U.S.A. –-(AmmoLand.com)- When I heard that Nighthawk Custom offered a drop-in 1911 trigger (DTS – Drop-in Trigger System), I was actually kind of surprised. I shouldn’t have been though. The concept of a captured or modular drop-in trigger system is actually very old. And frankly speaking, the concept is a solid one.
One of the first drop-in triggers I was exposed to was the Chip McCormick AR-15 trigger many moons ago. Chip sent me a large pin flat shoe unit for my Colt when I was working up a trigger comparison article over on AR15.com. This dates me somewhat, but that was back in 2007. The industry has continued to innovate, and while I should have been able to predict drop-in triggers would be offered across the board in weapons that could accept them, I never considered the 1911.
I don’t know how many trigger jobs I’ve performed on 1911s over the years, but it may be into the 1000s now. They are a bit labor-intensive but the results are fantastic for the shooter. Most customers I have are looking for the same basic things. All want a consistent pull, and many customers prefer a lower pull weight. It isn’t uncommon to see those pull weights range from 3.5 to 4.5. Some lighter yet. Most want a short take-up and short reset. Most of all, creep be gone. My shop, Controlled Chaos Arms, can and does provide all that.
So when I heard about the Nighthawk unit, I was really excited to try one. The good folks at Brownells sent me one to try. I’ve got a 1911 I assembled and fit from the ground up for my son. Granted, when I put this together he was only three years old, but you need to think ahead, right? So this bobbed 1911 that’s only been shot a few times was a great contender to drop the Nighthawk trigger into. I could then compare it side by side with a trigger job I’d done myself.
My son is now 8, so it was necessary to take this out to the range and blow the cobs out. I had forgotten how much I love a bobbed 1911 with thin grips. Granted, I have big mitts, but my boy isn’t going to be a big kid, so this will work well for him. After I reacquainted myself with the weapon, I tore the frame down on the bench to compare parts and begin the Nighthawk installation process.
As expected, the Nighthawk DTS appears well made with a heavy emphasis on fit and finish coupled with function. Breaking from my usual routine, I actually read the instructions. Why? In part, I wonder, because they were so short and straightforward. Essentially, you take the guts out of your frame, install the DTS, pop in the sear pin, then rock the DTS against slight spring pressure and pop in the hammer pin. Next, you’ll use their supplied sear spring. Reassemble and smile. I don’t remember seeing “smile” in print anywhere, but it was certainly implied.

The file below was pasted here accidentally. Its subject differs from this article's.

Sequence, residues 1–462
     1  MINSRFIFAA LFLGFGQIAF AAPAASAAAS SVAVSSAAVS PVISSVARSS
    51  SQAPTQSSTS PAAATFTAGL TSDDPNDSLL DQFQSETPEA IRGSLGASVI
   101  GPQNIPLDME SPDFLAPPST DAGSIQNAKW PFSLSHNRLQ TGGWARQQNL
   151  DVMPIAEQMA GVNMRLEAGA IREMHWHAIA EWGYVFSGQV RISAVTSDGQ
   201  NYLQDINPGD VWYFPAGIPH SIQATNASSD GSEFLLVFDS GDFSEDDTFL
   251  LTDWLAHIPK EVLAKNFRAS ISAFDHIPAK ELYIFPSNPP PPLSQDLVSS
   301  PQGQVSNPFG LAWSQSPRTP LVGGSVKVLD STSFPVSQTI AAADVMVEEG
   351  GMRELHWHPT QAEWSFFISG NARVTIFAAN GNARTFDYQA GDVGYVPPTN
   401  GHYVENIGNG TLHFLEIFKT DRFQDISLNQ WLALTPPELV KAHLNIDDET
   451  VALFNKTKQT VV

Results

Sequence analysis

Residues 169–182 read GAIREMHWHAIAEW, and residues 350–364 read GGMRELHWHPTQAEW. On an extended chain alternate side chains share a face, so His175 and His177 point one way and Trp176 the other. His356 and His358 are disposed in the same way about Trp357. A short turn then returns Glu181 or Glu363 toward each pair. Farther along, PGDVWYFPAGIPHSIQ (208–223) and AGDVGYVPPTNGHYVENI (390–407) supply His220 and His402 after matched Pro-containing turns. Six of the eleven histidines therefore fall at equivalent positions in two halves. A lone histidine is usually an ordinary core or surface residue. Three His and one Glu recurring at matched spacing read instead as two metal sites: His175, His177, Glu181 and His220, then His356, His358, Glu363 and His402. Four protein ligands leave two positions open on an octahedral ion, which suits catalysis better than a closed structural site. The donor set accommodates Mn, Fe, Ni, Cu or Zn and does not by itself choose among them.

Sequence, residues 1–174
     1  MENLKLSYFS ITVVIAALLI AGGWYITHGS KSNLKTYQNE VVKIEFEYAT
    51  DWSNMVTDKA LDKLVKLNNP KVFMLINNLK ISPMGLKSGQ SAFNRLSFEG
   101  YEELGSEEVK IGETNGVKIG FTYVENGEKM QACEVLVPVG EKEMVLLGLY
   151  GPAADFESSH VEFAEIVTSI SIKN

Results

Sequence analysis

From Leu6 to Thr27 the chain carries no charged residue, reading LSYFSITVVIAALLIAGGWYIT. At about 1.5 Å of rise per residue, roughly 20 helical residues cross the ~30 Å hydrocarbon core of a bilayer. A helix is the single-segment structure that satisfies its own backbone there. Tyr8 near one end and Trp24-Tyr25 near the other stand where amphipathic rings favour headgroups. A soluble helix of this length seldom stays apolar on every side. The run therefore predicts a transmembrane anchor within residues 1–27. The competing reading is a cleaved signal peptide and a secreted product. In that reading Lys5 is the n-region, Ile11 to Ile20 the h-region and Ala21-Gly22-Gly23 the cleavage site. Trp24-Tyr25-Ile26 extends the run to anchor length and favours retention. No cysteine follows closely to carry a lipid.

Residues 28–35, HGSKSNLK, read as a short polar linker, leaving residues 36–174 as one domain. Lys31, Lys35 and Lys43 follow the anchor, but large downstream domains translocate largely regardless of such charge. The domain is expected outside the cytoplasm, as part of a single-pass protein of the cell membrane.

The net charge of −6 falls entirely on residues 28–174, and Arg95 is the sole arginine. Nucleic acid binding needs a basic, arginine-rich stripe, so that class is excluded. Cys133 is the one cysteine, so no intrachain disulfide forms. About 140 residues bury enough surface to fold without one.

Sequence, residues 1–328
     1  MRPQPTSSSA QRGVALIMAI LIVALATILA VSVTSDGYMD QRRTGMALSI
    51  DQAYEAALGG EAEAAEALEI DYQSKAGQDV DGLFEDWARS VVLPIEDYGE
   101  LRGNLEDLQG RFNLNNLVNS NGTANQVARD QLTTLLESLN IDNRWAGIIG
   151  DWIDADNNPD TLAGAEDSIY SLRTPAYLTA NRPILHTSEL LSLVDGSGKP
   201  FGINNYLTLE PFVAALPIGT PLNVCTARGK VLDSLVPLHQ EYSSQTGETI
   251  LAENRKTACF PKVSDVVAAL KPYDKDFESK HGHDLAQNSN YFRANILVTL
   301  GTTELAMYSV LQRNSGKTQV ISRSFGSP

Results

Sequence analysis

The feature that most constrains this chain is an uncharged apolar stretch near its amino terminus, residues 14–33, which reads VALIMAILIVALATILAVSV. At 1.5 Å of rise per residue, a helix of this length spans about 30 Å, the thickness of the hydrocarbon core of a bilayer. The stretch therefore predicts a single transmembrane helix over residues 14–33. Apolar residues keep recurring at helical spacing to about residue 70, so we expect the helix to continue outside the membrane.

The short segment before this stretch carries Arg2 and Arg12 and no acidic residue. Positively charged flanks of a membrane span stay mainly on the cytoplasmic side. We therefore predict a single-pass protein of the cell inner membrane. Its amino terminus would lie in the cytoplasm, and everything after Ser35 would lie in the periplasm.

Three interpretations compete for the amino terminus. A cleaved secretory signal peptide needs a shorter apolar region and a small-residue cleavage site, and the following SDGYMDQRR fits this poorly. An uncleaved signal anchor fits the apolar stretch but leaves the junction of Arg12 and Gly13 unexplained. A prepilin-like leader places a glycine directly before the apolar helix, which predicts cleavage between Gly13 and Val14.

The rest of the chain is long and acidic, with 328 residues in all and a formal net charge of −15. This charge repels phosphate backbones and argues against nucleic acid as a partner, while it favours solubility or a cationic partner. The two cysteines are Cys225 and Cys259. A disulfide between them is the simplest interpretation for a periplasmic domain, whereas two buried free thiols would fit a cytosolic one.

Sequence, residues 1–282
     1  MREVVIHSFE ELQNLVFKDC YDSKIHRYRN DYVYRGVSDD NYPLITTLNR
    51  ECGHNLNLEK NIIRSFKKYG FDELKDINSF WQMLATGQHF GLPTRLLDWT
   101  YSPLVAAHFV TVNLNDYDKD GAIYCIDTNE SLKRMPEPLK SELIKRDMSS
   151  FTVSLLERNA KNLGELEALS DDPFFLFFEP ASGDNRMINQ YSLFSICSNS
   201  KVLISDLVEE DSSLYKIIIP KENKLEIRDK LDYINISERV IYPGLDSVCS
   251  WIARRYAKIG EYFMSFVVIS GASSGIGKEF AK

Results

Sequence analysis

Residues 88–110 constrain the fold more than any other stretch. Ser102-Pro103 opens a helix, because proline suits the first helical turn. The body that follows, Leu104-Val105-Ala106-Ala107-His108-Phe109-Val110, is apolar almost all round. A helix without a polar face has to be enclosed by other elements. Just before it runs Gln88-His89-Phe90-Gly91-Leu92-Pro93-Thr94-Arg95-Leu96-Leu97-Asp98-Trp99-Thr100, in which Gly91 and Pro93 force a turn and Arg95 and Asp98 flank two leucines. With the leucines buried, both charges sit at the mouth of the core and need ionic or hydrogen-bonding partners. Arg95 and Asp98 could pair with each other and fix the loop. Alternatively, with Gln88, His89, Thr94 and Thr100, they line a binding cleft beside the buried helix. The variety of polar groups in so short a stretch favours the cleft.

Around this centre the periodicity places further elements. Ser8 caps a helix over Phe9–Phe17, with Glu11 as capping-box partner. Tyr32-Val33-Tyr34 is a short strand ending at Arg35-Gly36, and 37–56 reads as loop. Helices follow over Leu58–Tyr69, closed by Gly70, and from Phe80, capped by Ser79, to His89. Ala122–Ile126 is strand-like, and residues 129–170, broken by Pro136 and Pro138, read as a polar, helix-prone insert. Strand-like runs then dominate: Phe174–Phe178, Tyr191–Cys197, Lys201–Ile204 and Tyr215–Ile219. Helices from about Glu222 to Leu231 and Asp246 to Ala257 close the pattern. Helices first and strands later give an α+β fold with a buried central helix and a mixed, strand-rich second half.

The Nighthawk Custom site has some nice context and a full complement of support videos they hosted on YouTube. The original trigger I had romanced was set at a shade under 4lbs. The Nighthawk DTS weighed in at 4.5lbs. The DTS was crisp with a reasonable reset and very little overtravel. Frankly, I found it to be a well-balanced trigger for just about any application. Granted, I’m not looking to run myself out of business, but there is some merit to a trigger like this beyond what a smith offers. You could swap this from gun to gun, as some folks buy, sell, and trade routinely. That’s a lot tougher to do with individual parts that all hold a relationship with a frame, whereas the DTS is enclosed in a subframe if you will. I can set up a trigger any way you want it. I’ve done some absolutely crazy stuff on request before. But, if you want a very consistent and ‘standard’ trigger I truly think Nighthawk just offered up a genuine option. The price point puts it in the running. By the time I choose good parts and put some time into the stoning of each part, along with hand fitting, the DTS is similarly priced.
The DTS doesn’t actually speak to the trigger (shoe) itself. So any reset lengths, stoning of the trigger, bow, stirrup, and frame would still need to be addressed if you wished.
What I can’t speak to is the issue of longevity. I only put a few hundred rounds through this. By the way, the Nighthawk folks made it clear there was some ‘break-in’ involved and a true settling of performance and weight might not be seen until closer to 500 rounds. I noticed a slight decrease in trigger pull weight, to a bit over 4lbs in this span of 240ish rounds. The overtravel and reset were the same.
I like the concept, and for a person capable of detail stripping their 1911, this is a legitimate option. I like buying things from Brownells, so I’m glad they sent me one to try. I’ll buy more there. I would recommend the Nighthawk DTS, especially since it is likely to fit most any 1911 or 2011. You can run a block off plate or keep your firing pin safety if your model has those parts. The DTS appears to accommodate the Series 70, Series 80, or Swartz Style 1911. I swapped my original parts back into my son’s gun, but the DTS performance makes me want to keep it. After all, I do have a daughter, and I can’t have them squabbling over guns, right? I reckon I need to build up a gun around this Nighthawk DTS, if for no other reason than family peace. Dangit, I have a wife too. Looks like I need to order another DTS…
About Michael Ware:
Michael is a Christian husband and father to two children. He owns and operates Controlled Chaos Arms, a premier custom weapons shop in the Midwest. He serves as Chairman of the board of Directors at the Iowa Firearms Coalition. The pursuit of truth drives him in research and his writing.
Michael enjoys shooting, hunting, and fishing throughout the Midwest and Rockies. An avid outdoorsman and tireless supporter of all Second Amendment virtues, he can be found in his gun shop, in a tree stand with his kids, or on Capitol Hill lobbying in support of Freedom and Liberty at any given time.